Michael Westeopp, C.J.
1. This is a suit against Chenapa on a bond executed by his brother Parapa as surety for one Rango. Parapa died on 7th August 1874 leaving a son, Ningangavda. This suit was instituted against Parapa on the 1st December 1874. Ningangavda died on the 2nd July 1875. Parapa Ningangavda, and the defendant Chenapa were, at the decease of Parapai members of an undivided Hindu family. Ningangavda and Chenapa continued undivided until the death, of Ningangavda. On his death Chenapa became, by survivorship, entitled to the whole of the family property. No separate property belonging to Parapa or Ningangavda is shown to have come to the hands of Chenapa or to exist. Chenapa, in his written statement filed on the 12th 'June 1875, objected that Ningangavda ought to be made a party to the suit, but he never was made a party to it. Chenapa never was personally responsible for the separate debt of his brother Parapa, or nephew Ningangavda, and the joint family property, which has now, as stated, vested by survivorship in Chenapa, is not in his hands liable for their separate debts, as shown by the. authorities quoted in Udaram Sitaram v. Ranu Panduji 11 Bom. H.C. Rep. 76. The liability of joint family property in the hands of a son or grandson for the debts of the father of the one and the grandfather of the other, is there shown to be exceptional. It is not asserted here that Parapa entered into his suretyship for Rango for the benefit of the undivided family to which Parapa belonged; nor is it pretended that he executed any mortgage or gave any other special lien on his share in the family property.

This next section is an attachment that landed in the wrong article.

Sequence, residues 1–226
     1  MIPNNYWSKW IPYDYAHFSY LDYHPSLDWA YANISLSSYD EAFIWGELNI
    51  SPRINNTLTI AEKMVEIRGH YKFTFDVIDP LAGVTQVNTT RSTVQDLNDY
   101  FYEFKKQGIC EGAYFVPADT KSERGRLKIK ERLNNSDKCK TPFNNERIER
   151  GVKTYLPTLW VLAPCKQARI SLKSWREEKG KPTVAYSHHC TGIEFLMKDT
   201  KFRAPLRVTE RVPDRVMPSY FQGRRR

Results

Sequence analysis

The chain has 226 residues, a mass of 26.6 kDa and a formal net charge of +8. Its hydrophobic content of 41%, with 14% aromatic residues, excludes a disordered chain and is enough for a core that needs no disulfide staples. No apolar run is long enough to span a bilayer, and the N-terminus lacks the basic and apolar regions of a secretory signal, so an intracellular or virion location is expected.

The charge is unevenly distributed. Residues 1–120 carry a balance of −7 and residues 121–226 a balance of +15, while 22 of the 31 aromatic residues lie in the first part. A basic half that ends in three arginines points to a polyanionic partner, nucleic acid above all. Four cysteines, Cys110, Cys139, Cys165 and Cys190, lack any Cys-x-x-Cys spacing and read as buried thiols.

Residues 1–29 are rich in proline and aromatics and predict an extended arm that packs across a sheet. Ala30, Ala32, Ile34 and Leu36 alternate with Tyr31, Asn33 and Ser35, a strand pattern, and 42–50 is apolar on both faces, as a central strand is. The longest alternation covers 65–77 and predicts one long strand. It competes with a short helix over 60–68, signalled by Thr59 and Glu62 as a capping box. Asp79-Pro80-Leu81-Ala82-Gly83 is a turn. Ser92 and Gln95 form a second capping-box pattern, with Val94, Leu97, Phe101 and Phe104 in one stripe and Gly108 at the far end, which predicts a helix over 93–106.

2. On these grounds we affirm the decree with costs.